CT patients speak out about state medical transportation - WFSB 3 Connecticut

CT patients speak out about state medical transportation

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Connecticut lawmakers held a hearing about state medical transportation on Friday. (WFSB) Connecticut lawmakers held a hearing about state medical transportation on Friday. (WFSB)

Some patients said they were upset over a new state medical transportation service and many told Channel 3 that they're not getting picked up for doctor's appointments or being left at them.

Lawmakers explained on Friday on how they are holding Veyo accountable.

Veyo provides non-emergency transportation. It also operates similar services in Arizona and Idaho. Veyo is a new vendor in the state and they launched on Jan. 1 with the new state contract.

For one mom, she doesn't have a car and needs to get her.  

“She has been ill since she was born,” East Hartford mother Michelle Chase said. “She's three and she has autism and a lot of other specialist appointments.”

Chase heavily relies on getting medical transportation through the Medicaid program to get her sick 3-year-old daughter to daily doctor's visits

Chase said she uses the non-emergency ride, almost daily. Recently, she had problems with the service.

“Sometimes, you're picked up and brought to the appointment but you're left there for hours wondering when they're going to come back and if you'll have a ride home,” Chase said.

Chase said it happened to her. 

“The challenge is this vendor doesn't know Connecticut and since they have come to the state, it's been nothing but issues,” State. Rep. Catherine Abercrombie said.  

Abercrombie said she wants Veyo held to a higher standard. She added in these first two weeks, some patients were denied transportation which is in violation of state and federal laws.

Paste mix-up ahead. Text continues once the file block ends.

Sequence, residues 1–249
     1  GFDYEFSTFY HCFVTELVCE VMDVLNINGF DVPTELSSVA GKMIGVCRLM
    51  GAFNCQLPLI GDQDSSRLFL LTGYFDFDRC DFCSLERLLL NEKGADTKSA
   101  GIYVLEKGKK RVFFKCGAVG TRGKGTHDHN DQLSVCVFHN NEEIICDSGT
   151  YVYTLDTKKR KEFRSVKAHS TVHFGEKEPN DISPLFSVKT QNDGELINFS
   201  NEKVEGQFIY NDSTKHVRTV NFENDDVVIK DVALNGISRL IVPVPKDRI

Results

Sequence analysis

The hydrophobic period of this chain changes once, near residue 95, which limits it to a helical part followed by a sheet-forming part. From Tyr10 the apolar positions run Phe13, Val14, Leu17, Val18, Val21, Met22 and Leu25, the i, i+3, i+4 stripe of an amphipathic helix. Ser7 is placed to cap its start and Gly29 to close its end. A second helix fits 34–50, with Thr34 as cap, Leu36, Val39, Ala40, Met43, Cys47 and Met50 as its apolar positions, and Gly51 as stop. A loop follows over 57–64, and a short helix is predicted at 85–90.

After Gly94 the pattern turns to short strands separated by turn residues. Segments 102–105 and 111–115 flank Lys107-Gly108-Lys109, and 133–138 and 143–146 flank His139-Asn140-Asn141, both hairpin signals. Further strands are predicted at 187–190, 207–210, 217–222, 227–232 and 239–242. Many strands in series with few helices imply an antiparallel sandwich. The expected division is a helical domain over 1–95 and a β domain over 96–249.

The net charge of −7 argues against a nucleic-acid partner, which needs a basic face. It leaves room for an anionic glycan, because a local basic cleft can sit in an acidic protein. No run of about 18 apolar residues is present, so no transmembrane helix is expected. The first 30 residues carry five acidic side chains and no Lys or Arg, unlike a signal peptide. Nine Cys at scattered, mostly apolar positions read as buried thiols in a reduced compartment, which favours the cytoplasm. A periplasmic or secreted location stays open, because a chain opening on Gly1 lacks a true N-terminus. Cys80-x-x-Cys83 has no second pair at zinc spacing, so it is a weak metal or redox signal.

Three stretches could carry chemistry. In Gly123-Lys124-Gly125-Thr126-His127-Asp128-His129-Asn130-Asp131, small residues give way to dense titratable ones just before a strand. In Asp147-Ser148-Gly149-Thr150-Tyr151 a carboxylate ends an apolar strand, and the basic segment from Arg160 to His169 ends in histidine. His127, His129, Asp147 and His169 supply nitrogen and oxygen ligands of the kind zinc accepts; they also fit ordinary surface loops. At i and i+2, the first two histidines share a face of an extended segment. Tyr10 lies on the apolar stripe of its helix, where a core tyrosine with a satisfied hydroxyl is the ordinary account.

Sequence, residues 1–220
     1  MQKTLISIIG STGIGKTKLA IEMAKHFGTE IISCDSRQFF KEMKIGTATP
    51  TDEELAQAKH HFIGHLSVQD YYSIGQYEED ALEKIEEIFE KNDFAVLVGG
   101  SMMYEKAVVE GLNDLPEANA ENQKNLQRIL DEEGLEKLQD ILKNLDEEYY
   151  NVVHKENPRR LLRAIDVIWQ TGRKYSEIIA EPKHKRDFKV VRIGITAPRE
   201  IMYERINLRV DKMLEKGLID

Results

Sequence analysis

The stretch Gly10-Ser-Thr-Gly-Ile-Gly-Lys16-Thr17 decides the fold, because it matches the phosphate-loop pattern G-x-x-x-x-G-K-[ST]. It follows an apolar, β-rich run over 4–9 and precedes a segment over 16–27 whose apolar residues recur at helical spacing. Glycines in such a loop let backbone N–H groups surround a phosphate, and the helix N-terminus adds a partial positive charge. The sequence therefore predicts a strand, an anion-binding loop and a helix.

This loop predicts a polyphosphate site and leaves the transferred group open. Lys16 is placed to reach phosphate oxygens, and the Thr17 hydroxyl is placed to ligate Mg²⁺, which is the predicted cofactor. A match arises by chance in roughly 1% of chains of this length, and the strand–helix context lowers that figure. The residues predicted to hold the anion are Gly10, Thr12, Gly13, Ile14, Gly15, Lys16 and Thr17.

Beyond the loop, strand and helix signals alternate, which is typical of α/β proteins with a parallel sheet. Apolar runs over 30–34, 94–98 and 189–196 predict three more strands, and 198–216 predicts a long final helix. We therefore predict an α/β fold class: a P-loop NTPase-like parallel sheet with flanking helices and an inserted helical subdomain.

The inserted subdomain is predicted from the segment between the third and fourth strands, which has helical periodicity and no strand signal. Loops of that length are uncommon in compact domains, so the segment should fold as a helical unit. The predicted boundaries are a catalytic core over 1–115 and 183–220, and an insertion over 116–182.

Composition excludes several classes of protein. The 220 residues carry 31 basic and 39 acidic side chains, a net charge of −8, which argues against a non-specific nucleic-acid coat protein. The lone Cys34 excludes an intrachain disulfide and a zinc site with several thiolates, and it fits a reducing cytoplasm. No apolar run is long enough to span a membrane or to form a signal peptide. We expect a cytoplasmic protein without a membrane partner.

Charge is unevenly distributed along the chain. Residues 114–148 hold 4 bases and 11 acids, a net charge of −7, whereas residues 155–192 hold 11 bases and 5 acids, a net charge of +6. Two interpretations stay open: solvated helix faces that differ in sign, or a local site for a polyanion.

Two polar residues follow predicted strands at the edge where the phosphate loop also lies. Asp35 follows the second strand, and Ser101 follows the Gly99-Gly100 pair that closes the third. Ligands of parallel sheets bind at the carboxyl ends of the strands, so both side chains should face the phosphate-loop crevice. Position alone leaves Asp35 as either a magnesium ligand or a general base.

Channel 3 was told some patients were on dialysis.

“We've had seven individuals who didn't make their dialysis appointment and ended up in crisis in the hospital,” Abercrombie said.

Other patients said they aren't getting to and from appointments and they're experiencing long wait times on the phone or getting wrong information. 

Many now want the program to be closely monitored, which is why they came together in Hartford on Friday.

“I want a corrective action plan to be in place by next week,” Abercrombie said.  

Josh Komenda, who is the President of Veyo, admits the transition has been bumpy but said it's getting better by the day.

“Our team has been committed around the clock to get this corrected fast as humanly possible,” Komenda said. “We understand the impact it has on the members and how important it is that members get to their appointments on time.”

Komenda said the weather made travel tough, but as of now, hold times have dramatically decreased and more trips have been made.

We should learn more about that corrective plan next week. Stay with Eyewitness News on air and online for updates. 

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